In a previous business, I had to outsource software development for a number of projects. I’d research potential partners online and also used freelancer sites such as Upwork and Guru.

It’s fair to say that I made a few mistakes along the way that were painful in terms of time, money, and sanity, but I learned from them.

Assumptions can be expensive

My first attempt at outsourcing the development of a mobile app was a bit of a disaster. We’d gone with an app development business that had come highly recommended by a trusted source. We’d created a technical and functional spec along with wireframes and what we thought was a clear brief.

The next step was to raise some funding to help pay for the development. We got that pretty quickly and everything was in place. I smugly (and foolishly) thought to myself that this was a stroll in the park.

I’m going to cut a long story short here, we missed out on adding some pretty important written details to the brief but had spoken about them in conversations, so in ignorance, we assumed the app developers would be including them in the build. Wrong!

We’d assumed that they would do everything that we wanted to do for the price they’d quoted. We didn’t get clarification and confirmation and we ended up going considerably over budget.

Over a barrel

On another project, I selected a developer that seemed to be the perfect fit. I’d found him on one of the well-known freelancer sites, checked his skillset, reviews and had a good conversation with him at which point he’d illustrated he had a good grasp of what we needed.

Learning from the previous mistakes with the app developers, we dotted the i’s and crossed the t’s and agreed a fixed price for the project and we were off.

The first sign of trouble came when he requested “a bit more” money as one of the tasks was going to take longer than expected. I agreed as I was looking at the bigger picture, if he did a good job here we could use him again.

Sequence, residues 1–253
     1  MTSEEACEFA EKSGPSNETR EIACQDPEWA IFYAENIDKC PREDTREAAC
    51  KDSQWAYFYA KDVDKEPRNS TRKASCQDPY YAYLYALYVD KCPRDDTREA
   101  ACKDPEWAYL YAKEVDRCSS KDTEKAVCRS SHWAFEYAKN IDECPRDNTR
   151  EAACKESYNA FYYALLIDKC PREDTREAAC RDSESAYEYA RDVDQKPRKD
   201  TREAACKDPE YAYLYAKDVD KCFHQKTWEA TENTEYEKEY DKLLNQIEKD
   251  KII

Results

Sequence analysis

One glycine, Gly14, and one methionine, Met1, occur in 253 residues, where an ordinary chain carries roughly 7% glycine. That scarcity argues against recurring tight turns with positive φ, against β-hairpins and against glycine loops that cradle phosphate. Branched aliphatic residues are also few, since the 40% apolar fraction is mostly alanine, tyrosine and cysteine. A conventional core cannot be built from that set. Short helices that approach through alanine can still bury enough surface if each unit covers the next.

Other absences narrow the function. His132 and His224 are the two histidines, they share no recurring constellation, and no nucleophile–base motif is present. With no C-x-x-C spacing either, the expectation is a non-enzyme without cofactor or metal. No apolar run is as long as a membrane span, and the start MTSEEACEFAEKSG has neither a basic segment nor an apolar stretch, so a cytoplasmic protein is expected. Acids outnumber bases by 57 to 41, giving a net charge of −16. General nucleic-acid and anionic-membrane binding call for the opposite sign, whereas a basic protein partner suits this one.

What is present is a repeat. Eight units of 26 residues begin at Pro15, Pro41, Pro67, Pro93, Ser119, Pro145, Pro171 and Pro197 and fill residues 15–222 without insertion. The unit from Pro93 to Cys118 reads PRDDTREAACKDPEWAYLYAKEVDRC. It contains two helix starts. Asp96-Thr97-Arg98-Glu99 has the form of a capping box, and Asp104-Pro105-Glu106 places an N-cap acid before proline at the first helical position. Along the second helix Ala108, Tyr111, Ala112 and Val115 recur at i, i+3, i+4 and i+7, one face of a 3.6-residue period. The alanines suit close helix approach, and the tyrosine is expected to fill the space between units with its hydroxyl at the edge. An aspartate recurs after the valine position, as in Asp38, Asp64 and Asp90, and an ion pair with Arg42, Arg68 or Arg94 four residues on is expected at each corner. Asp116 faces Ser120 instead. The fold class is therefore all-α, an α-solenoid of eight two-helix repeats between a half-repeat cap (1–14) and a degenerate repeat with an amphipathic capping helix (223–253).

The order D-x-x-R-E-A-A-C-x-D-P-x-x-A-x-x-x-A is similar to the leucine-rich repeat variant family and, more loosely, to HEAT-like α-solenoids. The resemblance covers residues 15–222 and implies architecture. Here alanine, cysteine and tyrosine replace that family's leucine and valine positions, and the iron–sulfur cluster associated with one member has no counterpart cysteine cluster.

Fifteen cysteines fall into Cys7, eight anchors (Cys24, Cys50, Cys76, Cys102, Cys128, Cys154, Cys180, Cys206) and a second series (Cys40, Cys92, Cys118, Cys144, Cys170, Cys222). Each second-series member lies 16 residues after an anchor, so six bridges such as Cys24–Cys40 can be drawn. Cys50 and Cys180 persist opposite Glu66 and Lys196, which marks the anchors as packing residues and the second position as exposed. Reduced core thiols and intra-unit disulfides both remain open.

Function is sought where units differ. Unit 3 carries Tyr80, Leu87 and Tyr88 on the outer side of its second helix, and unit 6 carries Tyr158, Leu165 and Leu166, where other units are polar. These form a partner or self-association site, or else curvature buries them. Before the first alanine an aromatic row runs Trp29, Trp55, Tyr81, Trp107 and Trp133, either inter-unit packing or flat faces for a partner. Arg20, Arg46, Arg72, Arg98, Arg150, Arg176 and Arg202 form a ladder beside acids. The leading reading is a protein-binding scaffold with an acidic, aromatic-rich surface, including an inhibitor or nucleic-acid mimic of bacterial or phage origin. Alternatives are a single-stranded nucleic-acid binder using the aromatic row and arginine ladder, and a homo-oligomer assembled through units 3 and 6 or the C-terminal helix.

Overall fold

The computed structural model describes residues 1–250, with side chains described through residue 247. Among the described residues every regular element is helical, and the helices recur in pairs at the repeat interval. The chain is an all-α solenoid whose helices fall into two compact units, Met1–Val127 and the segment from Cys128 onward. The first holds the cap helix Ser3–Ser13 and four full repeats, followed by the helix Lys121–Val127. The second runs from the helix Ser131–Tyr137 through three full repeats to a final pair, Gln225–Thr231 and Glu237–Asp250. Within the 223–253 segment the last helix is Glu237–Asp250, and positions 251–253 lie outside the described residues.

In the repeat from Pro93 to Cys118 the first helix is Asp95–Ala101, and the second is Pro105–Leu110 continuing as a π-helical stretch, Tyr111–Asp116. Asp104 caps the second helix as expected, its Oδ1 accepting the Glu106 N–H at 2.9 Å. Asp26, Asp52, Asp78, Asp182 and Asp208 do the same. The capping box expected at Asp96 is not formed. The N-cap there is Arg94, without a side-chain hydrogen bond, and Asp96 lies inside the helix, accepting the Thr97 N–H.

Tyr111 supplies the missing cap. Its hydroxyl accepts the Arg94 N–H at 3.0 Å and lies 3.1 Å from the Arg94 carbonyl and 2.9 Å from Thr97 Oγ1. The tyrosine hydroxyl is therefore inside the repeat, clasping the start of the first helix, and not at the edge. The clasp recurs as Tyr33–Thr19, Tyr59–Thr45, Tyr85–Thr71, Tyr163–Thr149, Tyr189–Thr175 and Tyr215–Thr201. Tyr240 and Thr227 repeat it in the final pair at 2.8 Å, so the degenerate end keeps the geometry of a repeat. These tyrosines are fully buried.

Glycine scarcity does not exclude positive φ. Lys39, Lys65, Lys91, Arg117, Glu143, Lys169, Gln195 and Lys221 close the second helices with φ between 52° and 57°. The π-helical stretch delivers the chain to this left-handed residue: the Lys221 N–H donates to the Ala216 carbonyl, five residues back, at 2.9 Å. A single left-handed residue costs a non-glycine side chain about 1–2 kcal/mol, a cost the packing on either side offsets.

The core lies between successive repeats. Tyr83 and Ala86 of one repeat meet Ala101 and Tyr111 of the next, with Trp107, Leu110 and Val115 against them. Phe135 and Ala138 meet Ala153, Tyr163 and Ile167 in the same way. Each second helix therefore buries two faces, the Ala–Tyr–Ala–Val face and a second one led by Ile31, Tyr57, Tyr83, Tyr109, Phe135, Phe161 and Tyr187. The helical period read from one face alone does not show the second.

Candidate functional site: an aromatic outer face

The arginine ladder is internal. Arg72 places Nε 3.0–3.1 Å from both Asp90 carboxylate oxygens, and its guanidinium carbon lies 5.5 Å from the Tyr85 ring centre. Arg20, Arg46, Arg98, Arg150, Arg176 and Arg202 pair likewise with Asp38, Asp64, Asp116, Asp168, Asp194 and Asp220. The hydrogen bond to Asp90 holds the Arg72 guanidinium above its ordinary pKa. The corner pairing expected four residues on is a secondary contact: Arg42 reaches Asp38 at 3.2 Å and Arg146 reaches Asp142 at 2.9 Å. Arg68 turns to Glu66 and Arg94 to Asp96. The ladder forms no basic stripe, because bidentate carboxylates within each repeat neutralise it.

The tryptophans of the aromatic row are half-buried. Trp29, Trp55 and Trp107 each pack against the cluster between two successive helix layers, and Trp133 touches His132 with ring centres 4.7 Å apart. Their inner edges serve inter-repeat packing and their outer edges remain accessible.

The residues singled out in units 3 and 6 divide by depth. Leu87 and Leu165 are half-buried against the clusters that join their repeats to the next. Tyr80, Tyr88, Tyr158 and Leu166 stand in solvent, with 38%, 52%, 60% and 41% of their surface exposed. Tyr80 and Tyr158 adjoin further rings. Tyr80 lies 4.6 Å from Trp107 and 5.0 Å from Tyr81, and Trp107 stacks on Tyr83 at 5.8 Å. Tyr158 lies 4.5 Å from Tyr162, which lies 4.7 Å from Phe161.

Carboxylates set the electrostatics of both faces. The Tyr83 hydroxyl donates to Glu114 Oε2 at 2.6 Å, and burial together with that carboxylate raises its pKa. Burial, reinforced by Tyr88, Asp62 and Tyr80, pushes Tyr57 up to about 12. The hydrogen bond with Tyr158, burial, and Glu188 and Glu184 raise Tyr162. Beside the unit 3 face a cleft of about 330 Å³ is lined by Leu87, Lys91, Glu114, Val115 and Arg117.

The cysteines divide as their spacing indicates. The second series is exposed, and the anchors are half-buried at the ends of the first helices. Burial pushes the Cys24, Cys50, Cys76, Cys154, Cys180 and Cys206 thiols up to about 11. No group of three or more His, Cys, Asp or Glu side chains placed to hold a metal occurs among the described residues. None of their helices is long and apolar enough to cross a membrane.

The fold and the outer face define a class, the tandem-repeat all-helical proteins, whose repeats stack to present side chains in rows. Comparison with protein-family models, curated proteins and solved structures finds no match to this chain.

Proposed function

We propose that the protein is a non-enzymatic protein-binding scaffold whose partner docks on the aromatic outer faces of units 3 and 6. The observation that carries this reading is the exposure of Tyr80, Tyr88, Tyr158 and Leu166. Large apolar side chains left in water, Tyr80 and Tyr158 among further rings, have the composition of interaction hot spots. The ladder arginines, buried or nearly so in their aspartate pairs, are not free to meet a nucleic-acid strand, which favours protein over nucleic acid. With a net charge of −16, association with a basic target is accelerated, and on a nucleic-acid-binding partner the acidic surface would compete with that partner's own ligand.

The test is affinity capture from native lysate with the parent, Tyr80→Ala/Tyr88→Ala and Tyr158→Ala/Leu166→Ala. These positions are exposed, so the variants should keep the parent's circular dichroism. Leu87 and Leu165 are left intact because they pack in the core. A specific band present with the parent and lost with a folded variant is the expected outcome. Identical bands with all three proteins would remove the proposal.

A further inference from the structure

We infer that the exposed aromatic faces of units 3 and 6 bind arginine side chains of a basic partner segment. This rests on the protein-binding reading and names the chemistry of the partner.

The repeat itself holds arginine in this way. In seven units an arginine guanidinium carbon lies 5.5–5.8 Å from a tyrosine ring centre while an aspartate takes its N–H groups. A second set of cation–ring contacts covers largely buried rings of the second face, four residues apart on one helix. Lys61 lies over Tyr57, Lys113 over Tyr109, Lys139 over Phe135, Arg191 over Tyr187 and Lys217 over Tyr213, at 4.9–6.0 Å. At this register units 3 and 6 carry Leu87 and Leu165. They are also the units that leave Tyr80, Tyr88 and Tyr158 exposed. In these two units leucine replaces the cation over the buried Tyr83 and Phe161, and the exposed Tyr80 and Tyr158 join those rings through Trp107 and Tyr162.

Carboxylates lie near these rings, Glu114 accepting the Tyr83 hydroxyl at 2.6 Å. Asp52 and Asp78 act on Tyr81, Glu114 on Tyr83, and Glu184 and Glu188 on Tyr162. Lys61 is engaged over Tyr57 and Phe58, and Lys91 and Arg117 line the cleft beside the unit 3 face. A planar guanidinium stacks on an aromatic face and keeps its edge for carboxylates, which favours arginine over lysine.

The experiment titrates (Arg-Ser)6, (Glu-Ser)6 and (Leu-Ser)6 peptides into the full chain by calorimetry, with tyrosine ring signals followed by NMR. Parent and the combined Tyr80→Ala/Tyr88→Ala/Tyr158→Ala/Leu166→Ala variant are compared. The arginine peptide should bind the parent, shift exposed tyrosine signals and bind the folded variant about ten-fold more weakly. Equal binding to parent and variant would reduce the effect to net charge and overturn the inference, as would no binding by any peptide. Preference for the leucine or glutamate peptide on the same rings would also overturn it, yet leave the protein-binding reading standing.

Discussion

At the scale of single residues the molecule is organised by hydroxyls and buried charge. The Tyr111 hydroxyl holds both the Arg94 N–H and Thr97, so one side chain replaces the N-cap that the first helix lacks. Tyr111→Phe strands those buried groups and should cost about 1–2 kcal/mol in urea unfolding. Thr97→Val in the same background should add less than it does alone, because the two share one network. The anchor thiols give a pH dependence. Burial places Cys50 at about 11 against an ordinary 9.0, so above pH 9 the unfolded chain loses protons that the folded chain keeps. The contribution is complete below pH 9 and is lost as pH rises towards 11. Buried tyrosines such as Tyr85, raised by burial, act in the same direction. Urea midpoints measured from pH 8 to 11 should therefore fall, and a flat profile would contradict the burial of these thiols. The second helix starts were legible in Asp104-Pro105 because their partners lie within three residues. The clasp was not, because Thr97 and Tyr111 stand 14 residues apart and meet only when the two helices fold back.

A couple of days later, he again asked for a bit more money. I pointed out to him that we’d already shown flexibility but we had an agreement and this was included in writing in it.

The fun really started when he’d completed the work. He point-blank refused to release the code to us unless we paid him an additional sum of money. This guy was taking the p*ss. I reminded him of the terms of the contract and he just refused. We needed the finished code, he had it and he wasn’t budging. He had us over a barrel!

All the negotiation skills and threats to report him to the freelancer platform (we did report him and they were really unhelpful) fell on deaf ears. All I could do was offer him a smaller additional amount, which he eventually accepted and get him to release the code to us.

He was using his own repository for the code which was my error. That would be the first and last time.

The funniest thing was he contacted me numerous times after this offering to do more work for us and asked me to leave him a 5-star review on the freelancer site, priceless!

In Summary

  1. Finding a good development partner that you can trust and sticks to their word is easier said than done.
  2. Never assume anything when it comes to development and price.
  3. Cover every eventuality and don’t be held to ransom over the code!

We’ve had personal experience of what it’s like working with developers that don’t deliver. We know how painful it can be and how it can damage your business.

We make sure the price and scope of work are agreed upon upfront, with no hidden surprises or costs. We also include items that are out of scope but might want to be added at a later date and, where possible, attach an upfront cost to them.

Repeat business and good reputations don’t come with underhand dealings to earn a fast buck.